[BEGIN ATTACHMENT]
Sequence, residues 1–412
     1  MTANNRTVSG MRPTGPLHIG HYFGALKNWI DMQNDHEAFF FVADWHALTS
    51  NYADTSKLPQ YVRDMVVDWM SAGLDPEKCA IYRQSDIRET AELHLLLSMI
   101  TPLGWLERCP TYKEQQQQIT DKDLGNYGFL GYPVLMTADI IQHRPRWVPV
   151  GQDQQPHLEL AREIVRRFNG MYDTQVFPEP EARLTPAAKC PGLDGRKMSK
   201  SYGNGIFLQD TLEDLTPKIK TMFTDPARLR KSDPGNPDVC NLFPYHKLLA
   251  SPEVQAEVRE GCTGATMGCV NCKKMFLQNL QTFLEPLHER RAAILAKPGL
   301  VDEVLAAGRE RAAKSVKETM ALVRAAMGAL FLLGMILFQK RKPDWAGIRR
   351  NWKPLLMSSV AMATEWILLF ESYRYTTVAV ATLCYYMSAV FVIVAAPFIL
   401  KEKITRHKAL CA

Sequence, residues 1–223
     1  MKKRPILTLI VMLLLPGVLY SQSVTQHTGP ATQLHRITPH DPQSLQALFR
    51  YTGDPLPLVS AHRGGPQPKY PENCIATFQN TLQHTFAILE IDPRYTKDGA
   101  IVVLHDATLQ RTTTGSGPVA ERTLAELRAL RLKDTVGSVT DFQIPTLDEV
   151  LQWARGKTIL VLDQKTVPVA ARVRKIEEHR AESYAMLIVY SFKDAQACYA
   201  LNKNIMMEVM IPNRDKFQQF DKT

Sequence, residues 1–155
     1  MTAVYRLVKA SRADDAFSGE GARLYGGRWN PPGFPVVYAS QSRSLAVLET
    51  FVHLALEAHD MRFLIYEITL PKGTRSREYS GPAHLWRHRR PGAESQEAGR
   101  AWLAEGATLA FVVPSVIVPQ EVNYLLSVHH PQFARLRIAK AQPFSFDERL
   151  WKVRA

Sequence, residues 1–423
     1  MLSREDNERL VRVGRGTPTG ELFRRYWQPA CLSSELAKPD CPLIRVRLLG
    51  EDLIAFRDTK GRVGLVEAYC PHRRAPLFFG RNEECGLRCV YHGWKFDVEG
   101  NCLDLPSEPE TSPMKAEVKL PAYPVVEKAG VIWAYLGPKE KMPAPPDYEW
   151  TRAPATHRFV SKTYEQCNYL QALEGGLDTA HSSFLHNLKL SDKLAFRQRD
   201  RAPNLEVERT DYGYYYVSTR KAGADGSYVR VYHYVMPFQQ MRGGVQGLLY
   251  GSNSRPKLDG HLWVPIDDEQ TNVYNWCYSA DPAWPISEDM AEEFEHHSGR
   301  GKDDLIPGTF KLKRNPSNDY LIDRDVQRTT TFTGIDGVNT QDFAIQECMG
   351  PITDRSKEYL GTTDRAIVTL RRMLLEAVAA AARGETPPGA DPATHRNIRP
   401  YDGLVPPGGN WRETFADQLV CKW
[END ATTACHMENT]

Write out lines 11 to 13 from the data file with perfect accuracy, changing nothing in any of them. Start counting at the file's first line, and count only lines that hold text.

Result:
Sequence, residues 1–223
     1  MKKRPILTLI VMLLLPGVLY SQSVTQHTGP ATQLHRITPH DPQSLQALFR
    51  YTGDPLPLVS AHRGGPQPKY PENCIATFQN TLQHTFAILE IDPRYTKDGA